At follow-up-1 meta-analysis was undertaken for Action Research Arm Test (2 studies), Rivermead Mobility Score (2 studies) and comfortable walking speed (2 studies) with non-significant effect sizes of 2.2 [-6.0,10.4], 1.0 [-0.6,2.5] and 0.2 [-0.1,0.4] respectively. For other measures the significant effect sizes from individual studies were: Rivermead Arm score, -2.0 [-3.7,-0.3]; 5 metre walk time, -13.6 [-26.2,-1.0]; Functional Ambulation Categories, 1.0 [0.2,1.8]; and ability to walk at 0.8 m/sec or more, 2.8 [0.8,10.6].

The follow-up-2 meta-analysis (3 studies) found a significant benefit for standard dose therapy for ARAT, subtotal of -6.4 [-12.8,0.00]. A significant benefit in favour of standard dose therapy was also found from an individual study in respect of the Rivermead Arm score with an effect size of -2.00 [-4.0,-0.1]. The benefit for higher dose therapy was, however, maintained for Functional Ambulation Category, 1.0 [0.4,1.6].


This systematic review provides limited support for the hypothesis that a higher dose of exercise-based therapy enhances motor recovery after stroke. There are some indications from the present meta-analysis for benefit from a higher dose for: comfortable walking speed; maximum walking speed; and upper limb muscle function. Meta-analysis was, however, limited by heterogeneity between studies in the measures used and therefore most estimates of effect size were derived from single studies. Those single study sample estimates that were statistically significant were mostly in favour of a higher dose of therapy. In contrast, there are also some indications from meta-analysis for benefit from a standard dose for hand grip force/strength and upper limb functional ability at outcome (Table 6) and for ARAT score at follow-up 2 (Table 8). Caution in interpretation of the results of the present review is also raised by the finding that only three of the seven included studies had all design elements assessed as low risk of bias. Clearly there are limitations to the current evidence base that restrict the provision of clear guidance for whether an increased dose of exercise-based therapy enhances recovery after stroke.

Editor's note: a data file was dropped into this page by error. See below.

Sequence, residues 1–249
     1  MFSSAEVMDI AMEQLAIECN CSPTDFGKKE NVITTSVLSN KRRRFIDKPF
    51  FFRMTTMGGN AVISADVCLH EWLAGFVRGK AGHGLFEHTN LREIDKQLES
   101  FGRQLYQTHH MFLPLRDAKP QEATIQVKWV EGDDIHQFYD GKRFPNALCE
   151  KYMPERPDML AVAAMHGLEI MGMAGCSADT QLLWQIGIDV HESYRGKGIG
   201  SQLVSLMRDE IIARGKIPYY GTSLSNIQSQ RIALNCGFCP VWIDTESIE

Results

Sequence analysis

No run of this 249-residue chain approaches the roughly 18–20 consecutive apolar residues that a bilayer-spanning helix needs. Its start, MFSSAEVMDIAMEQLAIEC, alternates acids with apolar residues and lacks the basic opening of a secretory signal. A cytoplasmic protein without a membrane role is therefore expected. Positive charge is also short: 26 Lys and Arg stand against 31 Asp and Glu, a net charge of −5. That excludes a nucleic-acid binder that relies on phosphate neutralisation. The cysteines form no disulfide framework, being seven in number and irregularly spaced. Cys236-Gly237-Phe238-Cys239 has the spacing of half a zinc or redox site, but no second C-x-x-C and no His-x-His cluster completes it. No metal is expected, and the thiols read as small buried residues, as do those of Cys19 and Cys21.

This finding differs from the results of benefit from extra therapy of: earlier systematic reviews [15] and experimental human studies (for example [12]). But, maybe this result is not so surprising considering that animal model studies and a clinical trial found that higher doses of therapy produced worse outcomes early after stroke [610]. Interestingly the detrimental effect found in the present systematic review on hand grip force/strength (Table 6) and upper limb function as measured by the ARAT (Table 8) emanate from trials conducted early after stroke [21, 24]. It is possible therefore that there is a negative interactional effect between time from stroke and dose. However, other trials included in the present review were also conducted with participants early after stroke and detrimental effects were not found for either upper limb or lower limb motor impairment or activity. Prospective robust clinical trials are needed to investigate whether time after stroke influences motor response to different doses of exercise-based therapies.